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Soil Health Grant Offers Cover Crop Evaluations and the Cornell Soil Health Test

Carol MacNeil, Extension Vegetable Specialist
Cornell Vegetable Program

December 22, 2014

The weather extremes of drought or heavy rains have resulted in poor crop production in some fields the last several years. Soils need to be in the best health to support crops through these challenging conditions. Covering 100% of your acres with the best cover crops/combinations, and reducing tillage, can reduce your risk of crop loss or low yields over the coming years.

The Cornell Vegetable Program just received a two year grant to work with vegetable, potato and dry bean growers in the Cornell Vegetable Program Region to increase or diversify their cover cropping, and/or to reduce tillage. For cooperating growers soil sampling, soil testing, and interpretation for the Cornell Soil Health Test (CSHT) will be free. Evaluation of biomass, weed growth, nitrogen produced, crop response, etc. can be done for new cover crop plantings being tried. Reduced/zone-tilled crops planted side by side with conventional crops can also be evaluated. Field days are part of this grant, as is assistance for grower discussion groups/grower-to-grower networking.

In order to be a cooperator in this grant program, growers and their fields need to be in the Lake Ontario Watershed (most of CVP region is). Growers also need to be state and federal program eligible, which can be accomplished this winter. To do this, first get farm and tract numbers established with the USDA Farm Service Agency (FSA). Farm practices need to be in compliance with the 1985 Food Security Act Highly Erodible Land and Swampbuster provisions, determined by Natural Resource Conservation Service (NRCS) staff. Growers should be ready to identify a natural resource concern (i.e.- excessive erosion, a need to improve soil health due to compaction, etc.).

This winter is the perfect time to visit local NRCS and/or county Soil & Water Conservation District (SWCD) offices to work on this paperwork with staff, so the CVP can do sampling for the Cornell Soil Health Test in April. A big advantage of completing the paperwork for program eligibility is that growers can then apply for cost-sharing for new cover cropping practices (new cover crops or combinations) and/or reduced tillage practices, with the next funding cycle. More money than ever is available as an incentive for adoption of good soil health practices.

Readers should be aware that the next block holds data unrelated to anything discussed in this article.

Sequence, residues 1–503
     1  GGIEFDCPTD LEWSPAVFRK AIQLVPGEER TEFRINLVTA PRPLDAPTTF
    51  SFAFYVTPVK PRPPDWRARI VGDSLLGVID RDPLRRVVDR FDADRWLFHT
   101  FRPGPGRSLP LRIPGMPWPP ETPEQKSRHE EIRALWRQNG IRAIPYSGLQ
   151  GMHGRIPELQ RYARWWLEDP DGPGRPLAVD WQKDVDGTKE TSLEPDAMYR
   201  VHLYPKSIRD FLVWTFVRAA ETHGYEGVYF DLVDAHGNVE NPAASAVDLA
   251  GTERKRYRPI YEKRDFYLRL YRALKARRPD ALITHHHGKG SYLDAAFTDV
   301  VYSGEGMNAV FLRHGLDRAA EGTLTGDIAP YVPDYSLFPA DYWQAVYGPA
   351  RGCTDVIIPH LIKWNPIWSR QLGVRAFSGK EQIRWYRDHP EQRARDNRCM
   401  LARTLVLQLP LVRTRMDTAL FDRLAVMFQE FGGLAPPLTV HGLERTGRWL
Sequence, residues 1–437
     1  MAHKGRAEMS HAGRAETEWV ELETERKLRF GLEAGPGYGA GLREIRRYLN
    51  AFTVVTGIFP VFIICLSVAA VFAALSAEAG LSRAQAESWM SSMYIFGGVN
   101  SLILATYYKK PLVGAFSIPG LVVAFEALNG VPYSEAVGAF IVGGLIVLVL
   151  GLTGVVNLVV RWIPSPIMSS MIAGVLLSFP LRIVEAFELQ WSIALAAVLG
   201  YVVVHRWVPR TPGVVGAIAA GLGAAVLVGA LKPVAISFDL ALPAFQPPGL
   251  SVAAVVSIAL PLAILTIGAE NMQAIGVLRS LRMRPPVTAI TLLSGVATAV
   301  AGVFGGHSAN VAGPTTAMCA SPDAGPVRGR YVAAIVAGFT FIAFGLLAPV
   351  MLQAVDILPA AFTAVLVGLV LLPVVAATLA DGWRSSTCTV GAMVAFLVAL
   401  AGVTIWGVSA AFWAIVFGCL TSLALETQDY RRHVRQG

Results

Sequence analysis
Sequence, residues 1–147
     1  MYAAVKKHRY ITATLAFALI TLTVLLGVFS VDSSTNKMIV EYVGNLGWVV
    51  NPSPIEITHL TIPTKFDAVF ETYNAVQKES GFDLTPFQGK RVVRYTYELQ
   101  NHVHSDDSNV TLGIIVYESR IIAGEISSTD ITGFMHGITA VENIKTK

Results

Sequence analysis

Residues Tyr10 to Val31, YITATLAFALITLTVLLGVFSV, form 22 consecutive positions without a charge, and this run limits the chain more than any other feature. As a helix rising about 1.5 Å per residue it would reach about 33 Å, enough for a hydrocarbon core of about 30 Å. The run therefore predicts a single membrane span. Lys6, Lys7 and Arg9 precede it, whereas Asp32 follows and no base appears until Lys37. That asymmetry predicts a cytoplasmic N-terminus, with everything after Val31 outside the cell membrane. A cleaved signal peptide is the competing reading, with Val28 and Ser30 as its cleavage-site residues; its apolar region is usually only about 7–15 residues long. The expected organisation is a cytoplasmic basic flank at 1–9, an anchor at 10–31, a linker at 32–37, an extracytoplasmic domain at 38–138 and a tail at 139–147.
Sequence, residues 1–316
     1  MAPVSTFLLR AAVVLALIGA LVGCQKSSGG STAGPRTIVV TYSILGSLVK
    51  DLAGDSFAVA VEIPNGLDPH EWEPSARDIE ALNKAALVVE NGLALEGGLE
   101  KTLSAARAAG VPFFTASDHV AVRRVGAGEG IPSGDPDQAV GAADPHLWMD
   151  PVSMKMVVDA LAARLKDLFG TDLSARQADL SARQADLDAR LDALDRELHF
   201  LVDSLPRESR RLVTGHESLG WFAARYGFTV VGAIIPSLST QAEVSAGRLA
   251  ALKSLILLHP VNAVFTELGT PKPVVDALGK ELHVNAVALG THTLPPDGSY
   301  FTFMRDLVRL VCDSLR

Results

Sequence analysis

Additional Resources:
Federal program opportunities

Location of the nearest FSA and/or NRCS office

Location of the nearest SWCD office

If you have questions about soil health and farm in WNY, contact Carol MacNeil.


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Asparagus

Asparagus

Beets

Beets

Broccoli

Broccoli

Brussels Sprouts

Brussels Sprouts

Cabbage

Cabbage

Carrots

Carrots

Cauliflower

Cauliflower

Cucumbers

Cucumbers

Dry Beans

Dry Beans

Eggplant

Eggplant

Ethnic Vegetables

Ethnic Vegetables

Garlic

Garlic

Horseradish

Horseradish

Kohlrabi

Kohlrabi

Leeks

Leeks

Lettuce / Leafy Greens

Lettuce / Leafy Greens

Melons

Melons

Onions

Onions

Parsnips

Parsnips

Peas

Peas

Peppers

Peppers

Potatoes

Potatoes

Pumpkins / Gourds

Pumpkins / Gourds

Radishes

Radishes

Rhubarb

Rhubarb

Rutabaga

Rutabaga

Snap Beans

Snap Beans

Squash - Summer

Squash - Summer

Squash- Winter

Squash- Winter

Sweet Corn

Sweet Corn

Sweet Potatoes

Sweet Potatoes

Tomatoes

Tomatoes

Turnips

Turnips

more crops

Upcoming Events

2021 Oswego County Onion Growers Twilight Meeting

Event Offers DEC Credits

June 24, 2021
Hannibal, NY

It's going to be a Weed Control Extravaganza at this year's Oswego County Onion Growers Twilight Meeting! Bring weed samples for identification. 2.25 DEC recertification credits will be available (categories 1A, 10 and 23). CCA credits will also be available. This meeting is being organized by Oswego County Vegetable Growers and Improvement Association and CCE Cornell Vegetable Program.

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Announcements

Herbicide Charts for Vegetable Crops Available

The Cornell Vegetable Program has compiled herbicide charts for control of weeds in the following crops in New York in 2021: table beets and peas. While these reference charts are handy, it is critical to read the labels thoroughly. 

Eastern Broccoli Market Opportunity Assessment

Is there an opportunity for New York growers and marketers to invest in broccoli production and distribution as a way to diversify and strengthen their businesses, while adding jobs, dollars, and resilience to the economy and rural communities?

The Eastern Broccoli Market Opportunity Assessment for New York State sought to answer this very question. The study was made possible by the initiative of three partner organizations: Hudson Valley AgriBusiness Development Corporation, Red Tomato, and the Eastern Broccoli Project, with funding provided by Empire State Development.


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